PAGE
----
Greek Festival

On the last day before leaving Pensacola, we’ve gone downtown to a Greek street festival. Obviously, it’s only curiosity, not an actual affection  that drove us to that place.  Unless you count baklava, which my wife is truly passionate about. Unfortunately, the one served was a bit too sweet for my wife’s taste and way to expensive for mine. On the flip side though, the Greek know how to party, and our kids felt very comfortable dancing with the natives. All we knew about traditional Greek dances, was limited to a distant memory of an old movie. Turns out Sirtaki, which is the proper name of a dance commonly associated with Zorba, the Greek is not even a traditional folk dance anyway. Did it stop our kids from making new friendships…? Not at all.

Naval Aviation Museum

Today we’ve finished school early and took a field trip to the Naval Aviation Museum. The exhibition is just across the bay from Fort Pickins, on the premises of the military complex. The base is so close, that every morning we hear the soldiers’ reveille and yet it takes about 40 minutes to get there by car. At the entrance to the Naval Air Station Pensacola, or the cradle of naval aviation, we are greeted by a cop asking for my driver license and whether we have any weapons. The entrance to the museum, the lighthouse and few other places in the base is free, but they need to know who are they letting in.

Even though we had about four hours to see the exposition, it was not enough. Even though it is smaller than the Smithsonian National Air and Space Museum we have visited last year, it seems more interesting. There are things to touch and play with, not just boring exhibits.  The kids mostly appreciated the  loony tunes played in a 1940’s theater. We walked down a WWII american street, saw a few typical stores, examined food stamps and food items from that era. There is a lot of interesting stories about pilots and sailors. Walking aboard replica aircraft carrier, we were able to imagine life on the ocean with 2796 other crew members. Well, to a point at least…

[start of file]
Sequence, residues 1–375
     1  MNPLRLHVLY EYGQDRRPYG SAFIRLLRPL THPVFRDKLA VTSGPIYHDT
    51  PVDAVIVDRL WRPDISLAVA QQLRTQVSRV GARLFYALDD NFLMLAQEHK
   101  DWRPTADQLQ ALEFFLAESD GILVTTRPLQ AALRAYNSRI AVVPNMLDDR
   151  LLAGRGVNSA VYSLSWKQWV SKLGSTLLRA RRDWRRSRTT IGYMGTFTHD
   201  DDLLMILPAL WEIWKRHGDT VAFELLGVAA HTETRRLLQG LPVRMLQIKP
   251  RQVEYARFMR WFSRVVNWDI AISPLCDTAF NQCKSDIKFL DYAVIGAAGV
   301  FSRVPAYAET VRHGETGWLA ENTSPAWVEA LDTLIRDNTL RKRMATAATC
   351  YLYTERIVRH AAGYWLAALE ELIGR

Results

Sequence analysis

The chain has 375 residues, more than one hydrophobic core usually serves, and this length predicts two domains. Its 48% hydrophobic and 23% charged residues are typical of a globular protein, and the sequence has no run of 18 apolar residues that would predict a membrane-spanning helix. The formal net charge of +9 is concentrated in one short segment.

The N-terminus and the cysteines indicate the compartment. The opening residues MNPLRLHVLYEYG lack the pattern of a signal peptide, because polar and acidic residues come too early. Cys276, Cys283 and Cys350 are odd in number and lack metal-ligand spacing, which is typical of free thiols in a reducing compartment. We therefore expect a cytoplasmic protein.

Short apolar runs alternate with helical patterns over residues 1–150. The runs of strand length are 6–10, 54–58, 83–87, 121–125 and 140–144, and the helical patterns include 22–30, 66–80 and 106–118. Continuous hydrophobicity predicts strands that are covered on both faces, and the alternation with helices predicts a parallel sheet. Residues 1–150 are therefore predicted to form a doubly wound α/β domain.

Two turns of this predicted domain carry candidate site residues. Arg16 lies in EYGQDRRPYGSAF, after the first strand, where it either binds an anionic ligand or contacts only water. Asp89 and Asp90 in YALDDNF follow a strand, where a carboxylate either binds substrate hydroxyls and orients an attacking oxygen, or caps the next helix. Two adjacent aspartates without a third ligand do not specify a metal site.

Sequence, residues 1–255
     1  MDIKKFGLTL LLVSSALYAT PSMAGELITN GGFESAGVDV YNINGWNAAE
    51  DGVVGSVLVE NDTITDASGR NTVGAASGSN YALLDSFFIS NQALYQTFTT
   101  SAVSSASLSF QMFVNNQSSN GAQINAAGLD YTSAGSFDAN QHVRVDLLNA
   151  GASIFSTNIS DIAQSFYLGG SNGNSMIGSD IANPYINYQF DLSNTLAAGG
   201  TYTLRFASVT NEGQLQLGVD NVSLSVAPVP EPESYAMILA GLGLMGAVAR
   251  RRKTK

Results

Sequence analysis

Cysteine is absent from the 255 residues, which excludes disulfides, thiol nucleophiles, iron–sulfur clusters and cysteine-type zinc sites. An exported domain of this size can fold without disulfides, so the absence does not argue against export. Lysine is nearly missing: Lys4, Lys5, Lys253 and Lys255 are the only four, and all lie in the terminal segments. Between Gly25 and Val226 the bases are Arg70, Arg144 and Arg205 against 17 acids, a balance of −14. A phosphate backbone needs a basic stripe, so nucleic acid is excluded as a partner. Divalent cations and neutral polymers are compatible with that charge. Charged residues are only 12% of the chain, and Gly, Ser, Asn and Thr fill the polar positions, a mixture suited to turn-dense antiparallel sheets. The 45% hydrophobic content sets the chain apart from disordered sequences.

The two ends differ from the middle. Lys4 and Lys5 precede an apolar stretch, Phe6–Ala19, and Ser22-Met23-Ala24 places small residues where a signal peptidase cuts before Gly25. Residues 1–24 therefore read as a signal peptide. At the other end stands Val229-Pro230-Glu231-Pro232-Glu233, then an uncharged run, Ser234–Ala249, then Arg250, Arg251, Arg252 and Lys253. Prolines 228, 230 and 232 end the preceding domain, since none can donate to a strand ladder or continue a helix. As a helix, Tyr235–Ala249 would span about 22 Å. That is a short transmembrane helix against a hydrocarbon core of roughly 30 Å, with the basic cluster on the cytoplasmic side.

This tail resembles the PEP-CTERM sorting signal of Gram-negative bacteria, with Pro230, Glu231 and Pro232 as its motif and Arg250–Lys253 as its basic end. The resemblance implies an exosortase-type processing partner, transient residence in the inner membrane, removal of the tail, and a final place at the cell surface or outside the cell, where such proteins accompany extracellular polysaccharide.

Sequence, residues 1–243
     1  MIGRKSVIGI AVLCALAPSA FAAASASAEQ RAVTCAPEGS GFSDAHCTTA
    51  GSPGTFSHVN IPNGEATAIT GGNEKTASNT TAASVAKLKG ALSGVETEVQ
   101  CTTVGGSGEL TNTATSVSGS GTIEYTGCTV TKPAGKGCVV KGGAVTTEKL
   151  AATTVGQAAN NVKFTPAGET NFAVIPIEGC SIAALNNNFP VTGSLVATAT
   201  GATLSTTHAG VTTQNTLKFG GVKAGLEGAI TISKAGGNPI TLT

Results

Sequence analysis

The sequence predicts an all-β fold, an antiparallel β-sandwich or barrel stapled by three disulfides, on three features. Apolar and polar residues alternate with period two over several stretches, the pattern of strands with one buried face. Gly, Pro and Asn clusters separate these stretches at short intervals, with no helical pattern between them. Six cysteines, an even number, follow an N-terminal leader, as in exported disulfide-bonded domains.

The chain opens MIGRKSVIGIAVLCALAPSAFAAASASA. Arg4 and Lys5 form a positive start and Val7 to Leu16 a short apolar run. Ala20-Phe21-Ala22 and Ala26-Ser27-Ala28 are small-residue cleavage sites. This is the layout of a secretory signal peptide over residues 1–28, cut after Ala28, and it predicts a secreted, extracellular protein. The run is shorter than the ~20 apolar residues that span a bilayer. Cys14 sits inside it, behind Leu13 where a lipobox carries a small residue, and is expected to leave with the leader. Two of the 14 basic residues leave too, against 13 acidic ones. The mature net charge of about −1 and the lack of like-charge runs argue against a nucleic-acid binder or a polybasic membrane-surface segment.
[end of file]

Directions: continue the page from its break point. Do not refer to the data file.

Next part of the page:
Chattahoochee to Pensacola

Great Blue Heron at Sunset

Just as the name suggest, we stayed in Florida’s outback for a couple of nights. We’ve left Jacksonville on Friday morning, just on the brink of an upcoming storm. As we learned later, it was a rather large one, therefore I’m glad to report that our timing was impeccable once again. We escaped west far enough to stay dry and we left Chattahoochee just before the storm caught up with us. We’ve packed the car last night and after folding the tent, we’ve left before breakfast. When we stopped at a nearby Micky Dees for a bowl of cereal at a curb, it started to rain.

I think there is really no need for us to complain about the weather at all. Yes, we got wet, real soaking in fact, but only once in Rocky Gap near Cumberland, MD. We also didn’t time properly our departure from Cheraw, SC and left the campground in rain and in a hurry. We’ve learned from these mistakes and now we’re packing the night before departure and keep observing the weather forecest changes to react appropriately. In fact, rain and sun dictate the direction and speed at which we’re moving. After all, our journey is a a true wander…

If I was to rank the places we’ve visited so far, I would have given Smith Mountain Lake State Park in Virginia most points for their interpretive programs, their facilities and very friendly, dedicated and knowledgable staff. Hunting Island ranks best for the weather and the overall vacation-like setting. Buckaloons in Pennsylvania still holds the 1st position for their bathroom standards. In fact, I have to say that in this category, the cleaningness and features are adequate to park’s latitude. North ranks much better than the South.

All the places we’ve visited so far had their own highlights and all of them had their problems. Too moist, too hot, too many raccoons, ants, skuns, armadillos, you name it. But all of them were really fascinating and I’m glad we had a chance to visit them all.

This morning, we’ve crossed a timezone line. We are leaving the East and will be travelling along the gulf coast. If there only was a ferry from Florida to Yucatan, it would have saved us a lot of time, and probably money. In fact, apparently there used to be one, back eight years ago. Unfortunatelly it failed to attract enough interest to stay in business for too long and left the owner with a USD $Million hole in his pocket. There might be another one launched as soon as early next year, but it’s not sure. We’ll take the long road and start learning Spanish along the way.